The oldest of four daughters, I was on disability and living in a house with my mother and one other sister, who worked full time. A second sister lived next door—she also worked full time. As my mother displayed increasing signs of dementia, it fell to me to convince her to get evaluated—something she fought every step of the way. My sisters all turned a blind eye—they saw nothing wrong with mom, since they were not home much. In my mother’s younger days, she had been an actress, and somehow maintained that skill at every doctor appointment, charming and fooling the doctors for way too long, until her dementia progressed, then after a few outbursts in doctors’ offices, they could finally see the state she was in. Of course, even though I was taking her to all these appointments, and taking care of her at home, she resented me and constantly raged at me. Eventually she had to enter a nursing home, when her behavior became unsafe at home.

I read many books on dementia + attended a support group for caregivers-it helped.

Cynthia C.

 

My sister gifted me your book, Mother Lode, this Christmas! When our house was finally quiet, Christmas “packed away,” I picked your book up, and could hardly put it down. I cried and laughed, hurt and rejoiced in your journey with your mother as it mirrors so much the struggles we are having with our mother (and father to some extent). I retired over 2 years ago and moved closer to my sister to help care for our “old-old” parents. They lived with me in our home across the street from my sister, until last April, when it was time for Assisted Living (our mother’s decision). They are 92 and 94, both with increasing dementia.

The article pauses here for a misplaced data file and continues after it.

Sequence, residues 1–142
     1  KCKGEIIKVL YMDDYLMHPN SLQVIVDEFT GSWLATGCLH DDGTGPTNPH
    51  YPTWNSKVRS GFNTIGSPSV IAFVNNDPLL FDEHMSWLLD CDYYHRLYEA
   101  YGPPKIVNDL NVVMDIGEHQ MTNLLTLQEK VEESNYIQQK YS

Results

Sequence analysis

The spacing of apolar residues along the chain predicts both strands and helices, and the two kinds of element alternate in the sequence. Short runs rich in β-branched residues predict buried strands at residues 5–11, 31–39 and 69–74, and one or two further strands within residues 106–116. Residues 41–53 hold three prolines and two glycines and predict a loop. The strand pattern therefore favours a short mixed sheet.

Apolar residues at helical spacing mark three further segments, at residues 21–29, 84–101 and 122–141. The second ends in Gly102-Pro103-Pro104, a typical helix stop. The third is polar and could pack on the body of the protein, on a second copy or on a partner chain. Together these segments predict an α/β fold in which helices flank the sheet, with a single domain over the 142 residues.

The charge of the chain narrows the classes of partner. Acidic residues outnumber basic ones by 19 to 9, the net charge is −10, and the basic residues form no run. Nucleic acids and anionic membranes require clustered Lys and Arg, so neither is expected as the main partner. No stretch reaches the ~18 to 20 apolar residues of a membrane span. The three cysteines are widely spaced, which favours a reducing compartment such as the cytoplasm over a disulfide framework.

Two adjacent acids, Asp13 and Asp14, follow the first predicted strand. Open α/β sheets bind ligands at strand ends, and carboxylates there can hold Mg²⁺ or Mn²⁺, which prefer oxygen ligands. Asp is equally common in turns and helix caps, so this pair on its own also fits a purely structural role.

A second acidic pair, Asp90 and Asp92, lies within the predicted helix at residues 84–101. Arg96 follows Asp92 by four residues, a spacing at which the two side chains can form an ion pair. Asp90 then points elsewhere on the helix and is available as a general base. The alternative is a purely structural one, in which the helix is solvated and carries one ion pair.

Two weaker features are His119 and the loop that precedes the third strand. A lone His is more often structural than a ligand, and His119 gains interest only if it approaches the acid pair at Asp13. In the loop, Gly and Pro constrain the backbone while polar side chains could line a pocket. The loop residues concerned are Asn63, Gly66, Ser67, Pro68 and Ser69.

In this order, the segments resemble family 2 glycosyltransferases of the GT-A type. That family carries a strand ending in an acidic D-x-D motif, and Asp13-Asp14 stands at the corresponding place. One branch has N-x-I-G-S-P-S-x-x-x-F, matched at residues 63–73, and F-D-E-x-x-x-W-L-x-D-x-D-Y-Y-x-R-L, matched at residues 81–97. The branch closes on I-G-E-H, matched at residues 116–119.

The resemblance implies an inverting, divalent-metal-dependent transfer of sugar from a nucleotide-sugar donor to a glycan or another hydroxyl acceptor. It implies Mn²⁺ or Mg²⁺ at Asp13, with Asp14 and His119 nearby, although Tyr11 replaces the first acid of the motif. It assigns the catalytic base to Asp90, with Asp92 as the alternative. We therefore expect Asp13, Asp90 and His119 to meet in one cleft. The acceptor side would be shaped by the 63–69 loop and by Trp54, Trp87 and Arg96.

Your story gives me hope.
Sarah R.

 

A friend gave me your book as I have been taking care of my 94 year old mother for years. The stories about your mother are so familiar. Sadly I don’t have a “Rebecca” as my three siblings do not participate. It is endless and exhausting. Your book gives me comfort, knowing I’m not the only one. Thanks for all you did for your mother and for sharing the experience to connect to the rest of us.

Very best, Susannah H.

 

The decision to make sure Dad lived in his own home until the end was an easy decision for my siblings as none of them intended to take care of him. One sister lived four hours away and far from retirement in a job she had held for almost 30 years. Second sister lived in Florida. Brother lived across the field from my parents but was not emotionally mature enough or financially able to provide any help (and offered none). I stepped up because I was retired and financially secure. Dad’s home would had to have been sold in order for him to afford living in any type of memory care (with Alzheimer’s). He also had prostate cancer and was being treated for both that condition and dementia, high blood pressure. The home was not ready for sale and my dad was cognizant and able to take care of his personal needs in the beginning. It would have been heartbreaking and met with considerable resistance to sell the place and place him in care. My siblings were very willing to let me take charge and live with dad as long as their inheritance was not touched. It became clear it was an important factor as I asked them about paid care for dad. None of them were willing (or able) to bear those costs, but didn’t want to give up their “stake” in the estate. It was easier for me to live with him full-time.

Sonya S.